I Could Be You
Date Published23 January 2020
Price£ 8.99

I Could Be You

by Sheila Bugler

When Dee Doran comes across the victim of an apparent hit-and-run driver, she is horrified to find an empty child’s buggy nearby, with the woman’s child missing.


Dee Doran, a woman separated from her drunken husband, comes across a dead body not far from her home, apparently the victim of a hit-and-run accident. She instantly recognises her friend and neighbour, Katie Hope, a single mother. The buggy of her two-year-old son, Jake, is empty.

This is a novel full of twists and turns, all of which are believable and provide evidence of a well thought-out plot. The first, which acts as a springboard for the remainder of the book, comes with the forensic examination of the body and proves that the woman has never given birth and that the missing Jake cannot be her son.

Dee lives on the coast road in Eastbourne, not far from the mobile home she had let to Katie. The two have become good friends and Dee is very fond of Jake.  At 51, she does not regard herself as retired, but she has been unable to find the kind of job she has been seeking. Prior to her marriage break-up she had been a well-known investigative journalist and still hopes to find a position that will allow her to use her skills. 

The puzzle posed by the death of Katie and the disappearance of Jake persuades her to become privately involved in the search for an answer – a decision partly influenced by what she considers a rather unimpressive police effort. It isn't long before it becomes obvious that things are not as they appear to be. In particular, it turns out that the dead woman was not at all who Dee thought she was.

Only gradually does the mystery begin to unfold as the author takes us on a journey into Katie's past. She is the daughter of a publican whose wife has died. He attempts to compensate for this by keeping his daughter on what he regards as the straight and narrow, ensuring that she does not become involved in the everyday pub life. All his efforts are in vain, however, when Katie meets a handsome young man who becomes a regular and – as far as Katie is concerned – a dangerous customer. The situation is complicated when Bella, the beautiful barmaid, shows an interest in the same man.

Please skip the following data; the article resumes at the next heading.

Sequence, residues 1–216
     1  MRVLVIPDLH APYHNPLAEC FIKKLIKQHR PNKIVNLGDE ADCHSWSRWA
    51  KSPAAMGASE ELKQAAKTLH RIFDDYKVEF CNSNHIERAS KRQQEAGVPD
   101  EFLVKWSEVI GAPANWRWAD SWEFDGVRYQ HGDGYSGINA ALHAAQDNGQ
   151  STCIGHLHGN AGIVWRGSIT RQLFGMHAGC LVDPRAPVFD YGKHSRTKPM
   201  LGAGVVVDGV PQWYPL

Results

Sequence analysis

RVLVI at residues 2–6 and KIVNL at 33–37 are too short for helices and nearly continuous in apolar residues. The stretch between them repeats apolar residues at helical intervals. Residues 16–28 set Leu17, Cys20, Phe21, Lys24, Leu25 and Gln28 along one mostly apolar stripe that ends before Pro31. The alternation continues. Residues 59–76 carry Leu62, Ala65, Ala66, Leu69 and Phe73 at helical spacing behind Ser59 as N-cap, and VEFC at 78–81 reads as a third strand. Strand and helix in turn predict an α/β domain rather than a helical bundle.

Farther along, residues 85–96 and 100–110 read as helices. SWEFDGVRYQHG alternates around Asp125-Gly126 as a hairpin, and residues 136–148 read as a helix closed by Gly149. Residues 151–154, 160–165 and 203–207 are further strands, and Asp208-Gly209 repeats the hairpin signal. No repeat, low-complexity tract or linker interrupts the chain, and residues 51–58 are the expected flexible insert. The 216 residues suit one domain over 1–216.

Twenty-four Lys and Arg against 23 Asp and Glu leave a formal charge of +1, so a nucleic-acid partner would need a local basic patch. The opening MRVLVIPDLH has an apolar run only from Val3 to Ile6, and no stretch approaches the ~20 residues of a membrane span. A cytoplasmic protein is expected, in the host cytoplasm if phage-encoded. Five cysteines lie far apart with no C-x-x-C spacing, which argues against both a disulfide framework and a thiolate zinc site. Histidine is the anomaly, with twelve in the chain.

The switching in time goes on throughout the novel. A chapter headed ‘Dee’ tells us that we are in the present, whereas those headed ‘Katie’ or ‘Bella’ take us back to a previous time and lead us up to the death on the road. Nothing, however, can be taken for granted, even when it seems obvious. The plotting is always believable, in spite of being highly intricate, and keeps the reader guessing, although their guesses may frequently be wrong. 

The only possible criticism – and it is a very slight one – is that clever plot construction seems to take precedence over the delineation of character. Dee, with whom the reader is clearly expected to sympathise, does not always engage the interest – certainly not in the way the female lead in the author's previous novels does. However, it appears that this is not the last outing for Dee Doran and we are almost certainly going to get to know her better.

Reviewed 31 January 2020 by Arnold Taylor